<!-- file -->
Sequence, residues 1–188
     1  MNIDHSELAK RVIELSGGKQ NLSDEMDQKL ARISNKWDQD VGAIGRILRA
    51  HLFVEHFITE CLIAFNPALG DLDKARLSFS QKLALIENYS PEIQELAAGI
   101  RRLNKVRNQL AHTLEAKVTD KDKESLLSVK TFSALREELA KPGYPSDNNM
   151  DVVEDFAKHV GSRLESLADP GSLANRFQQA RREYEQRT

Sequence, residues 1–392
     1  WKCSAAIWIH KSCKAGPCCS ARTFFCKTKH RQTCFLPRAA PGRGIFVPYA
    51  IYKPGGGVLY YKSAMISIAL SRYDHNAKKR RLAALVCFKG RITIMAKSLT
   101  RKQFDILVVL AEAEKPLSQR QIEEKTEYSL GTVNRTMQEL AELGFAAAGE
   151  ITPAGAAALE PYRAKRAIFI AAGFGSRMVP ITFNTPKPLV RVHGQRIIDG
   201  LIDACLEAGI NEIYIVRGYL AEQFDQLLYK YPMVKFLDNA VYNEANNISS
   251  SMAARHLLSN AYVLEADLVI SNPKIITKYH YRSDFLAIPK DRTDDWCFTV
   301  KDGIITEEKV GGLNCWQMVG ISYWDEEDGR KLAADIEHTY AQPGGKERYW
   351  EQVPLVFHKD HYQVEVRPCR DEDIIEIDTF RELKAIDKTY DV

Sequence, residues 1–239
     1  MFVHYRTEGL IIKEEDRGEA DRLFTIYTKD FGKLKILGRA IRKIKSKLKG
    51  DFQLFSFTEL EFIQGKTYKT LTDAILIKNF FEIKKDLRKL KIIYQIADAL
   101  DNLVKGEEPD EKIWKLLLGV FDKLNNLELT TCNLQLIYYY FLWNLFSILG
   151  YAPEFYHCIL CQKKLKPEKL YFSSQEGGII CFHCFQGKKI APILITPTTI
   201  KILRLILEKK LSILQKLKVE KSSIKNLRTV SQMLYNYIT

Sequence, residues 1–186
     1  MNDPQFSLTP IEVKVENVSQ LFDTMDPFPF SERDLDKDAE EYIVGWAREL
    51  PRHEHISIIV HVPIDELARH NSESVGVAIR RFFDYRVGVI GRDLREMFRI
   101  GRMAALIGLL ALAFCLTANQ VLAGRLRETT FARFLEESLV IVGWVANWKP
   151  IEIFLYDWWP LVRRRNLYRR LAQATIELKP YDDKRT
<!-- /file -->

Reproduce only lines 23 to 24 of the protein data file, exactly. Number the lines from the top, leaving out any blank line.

    51  PRHEHISIIV HVPIDELARH NSESVGVAIR RFFDYRVGVI GRDLREMFRI
   101  GRMAALIGLL ALAFCLTANQ VLAGRLRETT FARFLEESLV IVGWVANWKP